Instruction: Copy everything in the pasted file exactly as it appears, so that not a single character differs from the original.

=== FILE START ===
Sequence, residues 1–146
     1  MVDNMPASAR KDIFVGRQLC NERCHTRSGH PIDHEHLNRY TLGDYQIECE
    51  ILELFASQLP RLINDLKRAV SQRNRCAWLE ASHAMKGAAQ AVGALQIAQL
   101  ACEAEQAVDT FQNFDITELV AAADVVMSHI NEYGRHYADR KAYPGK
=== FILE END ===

Sequence, residues 1–146
     1  MVDNMPASAR KDIFVGRQLC NERCHTRSGH PIDHEHLNRY TLGDYQIECE
    51  ILELFASQLP RLINDLKRAV SQRNRCAWLE ASHAMKGAAQ AVGALQIAQL
   101  ACEAEQAVDT FQNFDITELV AAADVVMSHI NEYGRHYADR KAYPGK